KPI disclosure requirements
The guidance recommends that, when including KPIs in disclosure, companies look to the "MD&A requirements and the need to include such further material information, if any, as may be necessary in order to make the presentation of the metric, in light of the circumstances under which it is presented, not misleading." To that end, companies will need to first examine whether any existing regulation, such as GAAP or Reg G or Item 10 of Regulation S-K, may apply, providing requirements for calculation of the metric (if the metric is a GAAP metric) and minimum elements of disclosure. Outside of those parameters, companies have more flexibility but also less direction. The guidance advises that the company "should consider what additional information may be necessary to provide adequate context for an investor to understand the metric presented." What does the metric tell you about the company's performance? More specifically, depending on the facts and circumstances, the SEC expects to see:
- A clear definition of the metric and how it is calculated;
- A statement indicating the reasons why the metric provides useful information to investors; and
- A statement indicating how management uses the metric in managing or monitoring the performance of the business.
In addition, the company should "consider whether there are estimates or assumptions underlying the metric or its calculation, and whether disclosure of such items is necessary for the metric not to be materially misleading." In the guidance, the SEC cautioned that, because prior guidance instructs a company to "provide a narrative that enables investors to see a company 'through the eyes of management,' so these metrics should not deviate materially from metrics used to manage operations or make strategic decisions." [Emphasis added.]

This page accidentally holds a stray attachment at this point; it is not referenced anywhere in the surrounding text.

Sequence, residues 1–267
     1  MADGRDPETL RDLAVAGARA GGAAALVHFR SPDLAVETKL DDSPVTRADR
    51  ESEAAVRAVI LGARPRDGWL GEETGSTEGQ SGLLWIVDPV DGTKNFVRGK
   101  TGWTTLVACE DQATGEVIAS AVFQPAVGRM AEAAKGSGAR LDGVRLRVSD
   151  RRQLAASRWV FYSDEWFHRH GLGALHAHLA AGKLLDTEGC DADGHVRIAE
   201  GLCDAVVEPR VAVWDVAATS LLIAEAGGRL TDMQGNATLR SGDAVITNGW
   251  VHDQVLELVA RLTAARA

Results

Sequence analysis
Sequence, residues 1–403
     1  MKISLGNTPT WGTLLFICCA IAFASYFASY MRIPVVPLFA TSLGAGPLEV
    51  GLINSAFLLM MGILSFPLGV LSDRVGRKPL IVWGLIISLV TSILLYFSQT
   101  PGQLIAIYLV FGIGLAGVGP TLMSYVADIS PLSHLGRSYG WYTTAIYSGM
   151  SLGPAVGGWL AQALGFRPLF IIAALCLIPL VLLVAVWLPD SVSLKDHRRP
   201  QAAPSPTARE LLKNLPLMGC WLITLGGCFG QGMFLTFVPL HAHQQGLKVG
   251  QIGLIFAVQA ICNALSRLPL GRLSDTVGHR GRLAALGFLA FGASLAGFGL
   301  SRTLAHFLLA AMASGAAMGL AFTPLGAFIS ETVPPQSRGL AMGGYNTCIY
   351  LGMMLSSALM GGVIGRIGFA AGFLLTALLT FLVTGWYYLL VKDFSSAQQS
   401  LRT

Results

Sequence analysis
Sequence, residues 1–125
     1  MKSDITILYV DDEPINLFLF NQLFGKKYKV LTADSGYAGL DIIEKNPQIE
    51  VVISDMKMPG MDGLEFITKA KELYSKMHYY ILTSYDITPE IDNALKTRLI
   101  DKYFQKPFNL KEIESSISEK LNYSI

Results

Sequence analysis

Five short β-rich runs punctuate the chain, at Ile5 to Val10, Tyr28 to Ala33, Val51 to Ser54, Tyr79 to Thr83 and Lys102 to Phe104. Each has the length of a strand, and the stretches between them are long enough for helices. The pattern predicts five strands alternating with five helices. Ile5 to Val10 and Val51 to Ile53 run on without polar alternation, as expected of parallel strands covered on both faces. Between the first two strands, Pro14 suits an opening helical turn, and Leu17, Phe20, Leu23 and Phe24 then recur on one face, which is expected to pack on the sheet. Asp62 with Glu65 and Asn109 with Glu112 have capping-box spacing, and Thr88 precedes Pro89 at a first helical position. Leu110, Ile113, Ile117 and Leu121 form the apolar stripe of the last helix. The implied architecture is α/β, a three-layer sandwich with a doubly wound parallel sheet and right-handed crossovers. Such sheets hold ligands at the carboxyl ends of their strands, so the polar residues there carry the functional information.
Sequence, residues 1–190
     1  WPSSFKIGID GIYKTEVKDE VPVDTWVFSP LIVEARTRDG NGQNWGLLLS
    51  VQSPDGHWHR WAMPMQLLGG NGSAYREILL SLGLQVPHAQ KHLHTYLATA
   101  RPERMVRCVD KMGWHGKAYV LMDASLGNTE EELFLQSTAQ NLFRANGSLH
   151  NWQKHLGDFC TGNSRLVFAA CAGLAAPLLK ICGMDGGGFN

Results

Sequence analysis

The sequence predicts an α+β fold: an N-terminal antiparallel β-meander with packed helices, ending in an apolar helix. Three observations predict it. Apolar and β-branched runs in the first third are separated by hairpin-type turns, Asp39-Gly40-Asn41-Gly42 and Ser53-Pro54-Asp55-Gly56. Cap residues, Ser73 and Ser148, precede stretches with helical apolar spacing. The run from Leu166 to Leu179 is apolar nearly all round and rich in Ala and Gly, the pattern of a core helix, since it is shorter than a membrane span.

Changes in the method of calculation
If a company changes the method of calculation or presentation of the KPI, the guidance advises that the company consider the need to disclose, to the extent material: "(1) the differences in the way the metric is calculated or presented compared to prior periods; (2) the reasons for such changes; (3) the effects of any such change on the amounts or other information being disclosed and on amounts or other information previously reported; and (4) such other differences in methodology and results that would reasonably be expected to be relevant to an understanding of the company's performance or prospects."
The guidance also recommends that companies consider the need to "recast prior metrics to conform to the current presentation and place the current disclosure in an appropriate context," depending on the significance of the change.
Disclosure controls and procedures
The guidance also emphasizes the importance of maintaining effective disclosure controls and procedures in connection with the "material key performance indicators or metrics that are derived from the company's own information. When key performance indicators and metrics are material to an investment or voting decision, the company should consider whether it has effective controls and procedures in place to process information related to the disclosure of such items to ensure consistency as well as accuracy."
Observations and commentary
- At a December 2018 meeting of the SEC's Investor Advisory Committee, SEC Chair Jay Clayton indicated that, with regard to KPIs, he would like to see a clear tie-back to GAAP (presumably, where possible) and period-to-period consistency for each company. In addition, he indicated, these types of metrics should track how management looks at its business, not just how management wants to present its business.
- It's worth noting that the SEC has not been reluctant to take enforcement action against companies that have misled investors by inflating KPIs, such as subscriber counts, revenue-per-subscriber, number of vehicles sold monthly, net new customers added, and even backlog. Most recently, the SEC brought an action against a producer of liquor, wine and beer for failure to disclose known trends and uncertainties. The company's omission resulted in materially misleading disclosures regarding its financial results and material inflation of key performance indicators – organic net sales growth and organic operating profit growth. These types of metrics – outside of the financial statements – are metrics on which investors rely to assess performance, and companies have been held to account if their presentations are inaccurate or misleading or the related controls are inadequate.